The two-term Republican governor, who will return today from political meetings in Utah, called the legislation pivotal in her administration’s attempt to improve the state’s public education system.
New Mexico’s graduation rate has improved recently – the statewide rate for 2017 was 71.1 percent – but in a high-profile lawsuit that’s nearing a resolution, the state’s K-12 education system has been described as inadequately funded, particularly when it comes to programs for minority students.
“While there’s still more work to be done, this legislation is an important step in continuing to give our students, teachers and schools the resources they need to succeed,” Martinez said in a statement.
The measure, Senate Bill 119, also calls for minimum pay levels to be increased for veteran educators under New Mexico’s three-tier system – from $42,000 to $44,000 per year for second-tier teachers and from $52,000 to $54,000 for third-tier teachers. Teachers can move up in tiers if they meet certain benchmarks.
Senate Majority Whip Mimi Stewart, D-Albuquerque, who sponsored the bill in the recent 30-day legislative session, said the increases in minimum salary levels will help with teacher recruitment and retention problems and could improve teacher morale.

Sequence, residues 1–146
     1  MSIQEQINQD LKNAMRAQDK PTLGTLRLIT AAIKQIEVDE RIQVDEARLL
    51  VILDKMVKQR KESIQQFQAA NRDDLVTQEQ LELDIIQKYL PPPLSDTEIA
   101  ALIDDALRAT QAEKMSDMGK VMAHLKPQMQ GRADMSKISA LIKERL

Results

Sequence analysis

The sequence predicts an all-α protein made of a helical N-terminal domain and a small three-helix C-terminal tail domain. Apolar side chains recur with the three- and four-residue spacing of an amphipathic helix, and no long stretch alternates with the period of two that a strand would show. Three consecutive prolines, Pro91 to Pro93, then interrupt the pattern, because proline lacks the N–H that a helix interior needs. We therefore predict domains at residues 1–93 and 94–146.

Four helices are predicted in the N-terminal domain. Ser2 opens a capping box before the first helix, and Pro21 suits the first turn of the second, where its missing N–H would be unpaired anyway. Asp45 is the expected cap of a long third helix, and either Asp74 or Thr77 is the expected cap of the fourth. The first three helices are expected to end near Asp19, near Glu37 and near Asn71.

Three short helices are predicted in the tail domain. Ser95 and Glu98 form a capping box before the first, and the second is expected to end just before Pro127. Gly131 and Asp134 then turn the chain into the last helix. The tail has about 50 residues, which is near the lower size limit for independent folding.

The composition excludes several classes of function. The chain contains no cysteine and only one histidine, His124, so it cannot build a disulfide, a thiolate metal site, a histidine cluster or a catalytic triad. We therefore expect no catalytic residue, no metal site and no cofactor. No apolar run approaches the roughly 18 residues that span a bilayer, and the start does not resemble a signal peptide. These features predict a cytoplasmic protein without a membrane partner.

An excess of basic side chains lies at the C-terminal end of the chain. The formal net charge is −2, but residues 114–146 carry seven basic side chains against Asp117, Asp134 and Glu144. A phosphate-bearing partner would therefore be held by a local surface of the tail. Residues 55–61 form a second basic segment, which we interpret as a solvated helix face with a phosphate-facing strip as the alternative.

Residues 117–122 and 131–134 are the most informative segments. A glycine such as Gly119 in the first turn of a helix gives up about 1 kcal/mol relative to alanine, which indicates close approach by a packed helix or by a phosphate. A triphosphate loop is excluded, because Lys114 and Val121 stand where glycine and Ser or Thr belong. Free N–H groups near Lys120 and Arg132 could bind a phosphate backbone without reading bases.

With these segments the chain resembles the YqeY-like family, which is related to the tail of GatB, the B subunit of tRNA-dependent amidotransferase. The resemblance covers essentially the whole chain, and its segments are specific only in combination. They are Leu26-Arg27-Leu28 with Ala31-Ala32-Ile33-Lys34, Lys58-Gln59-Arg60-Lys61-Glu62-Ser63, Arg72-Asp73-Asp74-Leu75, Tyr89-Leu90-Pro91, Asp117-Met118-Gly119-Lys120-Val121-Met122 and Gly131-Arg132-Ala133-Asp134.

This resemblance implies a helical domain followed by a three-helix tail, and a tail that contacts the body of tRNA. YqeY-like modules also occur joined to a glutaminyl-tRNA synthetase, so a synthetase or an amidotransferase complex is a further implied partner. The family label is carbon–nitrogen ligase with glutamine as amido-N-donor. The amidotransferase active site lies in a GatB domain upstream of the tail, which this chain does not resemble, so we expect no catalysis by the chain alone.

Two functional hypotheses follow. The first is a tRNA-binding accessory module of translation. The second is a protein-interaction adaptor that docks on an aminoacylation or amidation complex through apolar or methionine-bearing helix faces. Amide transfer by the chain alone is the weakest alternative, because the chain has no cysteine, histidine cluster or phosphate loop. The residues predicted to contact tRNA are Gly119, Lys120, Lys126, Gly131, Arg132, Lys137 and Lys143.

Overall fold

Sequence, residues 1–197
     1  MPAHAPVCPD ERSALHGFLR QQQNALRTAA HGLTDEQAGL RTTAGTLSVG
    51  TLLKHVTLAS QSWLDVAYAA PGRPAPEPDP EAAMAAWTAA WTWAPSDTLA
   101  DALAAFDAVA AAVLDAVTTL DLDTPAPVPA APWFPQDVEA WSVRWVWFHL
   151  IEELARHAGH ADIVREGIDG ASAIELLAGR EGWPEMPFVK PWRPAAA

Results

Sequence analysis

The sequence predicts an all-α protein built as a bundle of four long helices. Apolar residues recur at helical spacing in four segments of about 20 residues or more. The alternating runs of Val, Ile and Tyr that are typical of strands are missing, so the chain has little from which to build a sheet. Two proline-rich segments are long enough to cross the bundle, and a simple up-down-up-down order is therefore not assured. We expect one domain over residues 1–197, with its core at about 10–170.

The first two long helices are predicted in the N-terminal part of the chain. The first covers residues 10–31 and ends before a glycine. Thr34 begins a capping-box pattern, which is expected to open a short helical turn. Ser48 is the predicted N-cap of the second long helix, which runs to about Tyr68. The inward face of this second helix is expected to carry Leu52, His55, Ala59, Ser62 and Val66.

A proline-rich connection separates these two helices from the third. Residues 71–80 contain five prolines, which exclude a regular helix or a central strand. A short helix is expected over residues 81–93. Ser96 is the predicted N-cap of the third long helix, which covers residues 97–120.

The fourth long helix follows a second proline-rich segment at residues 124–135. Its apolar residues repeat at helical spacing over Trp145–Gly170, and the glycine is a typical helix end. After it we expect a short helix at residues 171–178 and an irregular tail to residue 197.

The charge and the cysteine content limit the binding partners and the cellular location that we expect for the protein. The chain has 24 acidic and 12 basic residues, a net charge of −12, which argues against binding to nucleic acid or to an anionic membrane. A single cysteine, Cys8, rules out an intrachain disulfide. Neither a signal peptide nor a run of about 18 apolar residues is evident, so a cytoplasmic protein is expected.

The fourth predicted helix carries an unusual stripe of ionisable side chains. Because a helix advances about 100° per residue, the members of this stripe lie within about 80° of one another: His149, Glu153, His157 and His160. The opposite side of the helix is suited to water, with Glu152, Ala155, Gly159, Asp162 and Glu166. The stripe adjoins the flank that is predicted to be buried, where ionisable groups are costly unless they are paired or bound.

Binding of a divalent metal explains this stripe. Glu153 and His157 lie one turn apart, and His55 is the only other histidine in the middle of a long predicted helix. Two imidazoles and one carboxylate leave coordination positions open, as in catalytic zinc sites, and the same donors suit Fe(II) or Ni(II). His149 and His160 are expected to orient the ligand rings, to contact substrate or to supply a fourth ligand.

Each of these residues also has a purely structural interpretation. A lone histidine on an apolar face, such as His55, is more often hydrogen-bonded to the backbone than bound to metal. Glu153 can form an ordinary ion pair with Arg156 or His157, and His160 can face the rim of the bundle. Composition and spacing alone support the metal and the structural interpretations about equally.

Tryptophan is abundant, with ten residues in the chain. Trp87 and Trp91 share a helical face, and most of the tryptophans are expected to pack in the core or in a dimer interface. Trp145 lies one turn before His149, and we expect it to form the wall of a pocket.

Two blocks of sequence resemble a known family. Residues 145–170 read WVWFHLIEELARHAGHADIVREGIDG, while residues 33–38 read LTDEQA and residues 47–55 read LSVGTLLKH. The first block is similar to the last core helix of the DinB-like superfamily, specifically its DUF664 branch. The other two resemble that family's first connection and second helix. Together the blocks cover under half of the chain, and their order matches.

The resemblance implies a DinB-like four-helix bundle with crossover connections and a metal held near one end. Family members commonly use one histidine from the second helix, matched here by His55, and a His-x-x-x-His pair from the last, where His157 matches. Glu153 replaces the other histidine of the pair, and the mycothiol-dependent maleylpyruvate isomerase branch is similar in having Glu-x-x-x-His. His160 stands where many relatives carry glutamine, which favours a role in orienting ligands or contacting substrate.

“It makes it a little bit easier for districts, especially along the (state’s) borders, to give teachers some hope that it isn’t a dead end when it comes to salary,” Stewart told the Journal.
Roughly $17 million to pay for the higher salaries is included in a $6.3 billion budget bill that still awaits action by the governor. That bill also includes money to give all teachers a 2.5 percent pay raise in the coming budget year.
The average salary for public school teachers was $47,638 during the 2016-17 school year, according to the Public Education Department. That’s lower than the average educator pay in most neighboring states.
Meanwhile, roughly half of New Mexico teachers leave after four years on the job, according to a fiscal analysis of the bill Martinez vowed to sign into law.
The governor has until Wednesday to sign or veto a total of 40 bills from this year’s legislative session that have not been acted on. Bills not signed by that deadline are automatically vetoed.